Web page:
Stafford officer Carrizales to receive international award for heroic efforts
By Michael Sudhalter
When Stafford Police Department officer Ann Carrizales survived two gunshots at close range and still managed to help chase the alleged suspects involved, her seemingly super-human actions garnered media coverage from as far away as Great Britain.
To Carrizales, a 41-year-old former Marine Corps military police officer, she was just doing her job in the early morning hours of Oct. 26, 2013.
But there were some who compared her heroics to the fictional movie character, “Robocop,” – something that she believed was the antithesis of her experiences over the past year.
“I know the public means nothing but to honor me, but I’m not Robocop – Robocop is not real,” Carrizales said. “Police officers are real people who have husbands, wives and children. We get scared and angry, and we get our feelings hurt. We’re every day people that happen to have something inside of us that calls us to do what we do. We’re real people who bleed and hurt the way civilians do.”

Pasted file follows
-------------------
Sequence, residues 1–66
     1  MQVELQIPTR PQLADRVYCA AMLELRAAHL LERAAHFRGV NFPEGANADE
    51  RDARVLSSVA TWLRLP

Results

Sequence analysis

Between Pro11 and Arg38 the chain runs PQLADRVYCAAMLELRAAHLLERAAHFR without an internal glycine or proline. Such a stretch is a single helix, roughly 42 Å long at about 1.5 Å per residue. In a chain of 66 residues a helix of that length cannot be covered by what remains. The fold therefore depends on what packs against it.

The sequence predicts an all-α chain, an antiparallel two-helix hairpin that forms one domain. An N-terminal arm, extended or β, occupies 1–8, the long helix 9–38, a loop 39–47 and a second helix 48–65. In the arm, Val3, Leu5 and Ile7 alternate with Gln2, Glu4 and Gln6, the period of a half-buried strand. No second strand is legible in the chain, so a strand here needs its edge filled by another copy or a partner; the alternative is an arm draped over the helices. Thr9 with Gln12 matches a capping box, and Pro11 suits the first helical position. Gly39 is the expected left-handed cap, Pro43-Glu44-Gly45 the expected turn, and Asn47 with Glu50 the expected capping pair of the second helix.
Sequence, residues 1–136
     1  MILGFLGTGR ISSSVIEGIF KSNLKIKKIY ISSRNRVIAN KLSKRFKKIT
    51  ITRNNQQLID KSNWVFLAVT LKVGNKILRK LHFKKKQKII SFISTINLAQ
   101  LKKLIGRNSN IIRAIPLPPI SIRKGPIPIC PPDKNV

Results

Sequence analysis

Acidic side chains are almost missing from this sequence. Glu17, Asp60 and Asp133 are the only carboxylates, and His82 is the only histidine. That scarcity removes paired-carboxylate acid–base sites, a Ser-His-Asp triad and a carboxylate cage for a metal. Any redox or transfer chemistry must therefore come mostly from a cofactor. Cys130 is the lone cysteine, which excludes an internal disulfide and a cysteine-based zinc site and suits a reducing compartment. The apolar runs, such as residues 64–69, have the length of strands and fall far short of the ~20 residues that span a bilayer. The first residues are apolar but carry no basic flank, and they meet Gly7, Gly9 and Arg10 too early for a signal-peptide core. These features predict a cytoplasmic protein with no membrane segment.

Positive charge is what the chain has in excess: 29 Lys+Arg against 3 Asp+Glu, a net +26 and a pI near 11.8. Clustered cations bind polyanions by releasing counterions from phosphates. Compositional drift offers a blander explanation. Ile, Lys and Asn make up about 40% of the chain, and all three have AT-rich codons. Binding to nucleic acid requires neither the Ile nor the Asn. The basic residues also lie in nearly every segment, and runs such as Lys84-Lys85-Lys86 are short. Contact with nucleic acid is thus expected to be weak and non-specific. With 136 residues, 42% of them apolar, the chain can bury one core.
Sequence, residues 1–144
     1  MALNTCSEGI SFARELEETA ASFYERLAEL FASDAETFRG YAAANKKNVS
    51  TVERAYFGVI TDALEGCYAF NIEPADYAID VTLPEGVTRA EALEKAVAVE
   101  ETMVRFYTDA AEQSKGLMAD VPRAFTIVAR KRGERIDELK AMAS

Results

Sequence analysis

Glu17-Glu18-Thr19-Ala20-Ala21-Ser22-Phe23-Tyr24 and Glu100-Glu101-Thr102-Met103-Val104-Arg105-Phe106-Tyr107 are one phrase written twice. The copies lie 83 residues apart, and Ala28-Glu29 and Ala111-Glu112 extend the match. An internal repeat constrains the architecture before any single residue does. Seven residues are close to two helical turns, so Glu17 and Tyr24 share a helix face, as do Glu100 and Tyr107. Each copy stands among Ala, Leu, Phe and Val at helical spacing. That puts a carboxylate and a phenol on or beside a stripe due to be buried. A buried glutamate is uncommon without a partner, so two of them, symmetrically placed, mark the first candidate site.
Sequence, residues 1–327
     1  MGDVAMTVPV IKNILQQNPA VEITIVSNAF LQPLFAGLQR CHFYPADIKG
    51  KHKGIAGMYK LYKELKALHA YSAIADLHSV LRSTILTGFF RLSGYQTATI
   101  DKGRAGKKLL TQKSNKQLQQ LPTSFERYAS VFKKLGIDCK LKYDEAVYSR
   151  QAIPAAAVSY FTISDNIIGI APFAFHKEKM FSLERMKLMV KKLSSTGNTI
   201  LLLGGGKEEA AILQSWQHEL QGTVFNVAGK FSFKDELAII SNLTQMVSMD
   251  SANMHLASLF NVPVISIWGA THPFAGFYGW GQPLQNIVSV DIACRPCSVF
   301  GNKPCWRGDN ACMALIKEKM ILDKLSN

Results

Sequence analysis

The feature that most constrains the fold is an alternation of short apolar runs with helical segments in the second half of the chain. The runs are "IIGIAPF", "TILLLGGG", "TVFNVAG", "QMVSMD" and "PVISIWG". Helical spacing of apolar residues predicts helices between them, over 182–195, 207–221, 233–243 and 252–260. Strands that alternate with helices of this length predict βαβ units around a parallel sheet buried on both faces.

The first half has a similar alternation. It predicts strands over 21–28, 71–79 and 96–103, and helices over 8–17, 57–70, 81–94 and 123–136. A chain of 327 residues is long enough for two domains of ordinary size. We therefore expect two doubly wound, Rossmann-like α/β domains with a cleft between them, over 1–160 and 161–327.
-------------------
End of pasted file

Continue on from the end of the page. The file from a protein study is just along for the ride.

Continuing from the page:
Carrizales’ heroics that day have been well-documented, but the story of her recovery – physically and emotionally – haven’t been discussed much.
Carrizales has returned to the police department on light duty, and she hopes to return to night patrol when her doctors give the OK.
On Wednesday, Carrizales and fellow SPD officer Leslie Claunch received the Governor’s Star of Texas Award. Claunch was injured in the line of duty during a 2011 incident.
On Oct. 1, Carrizales will travel to Winnipeg, Manitoba, Canada where she’ll be presented with the Medal of Valor for her courageous and heroic efforts by the International Association of Women Police.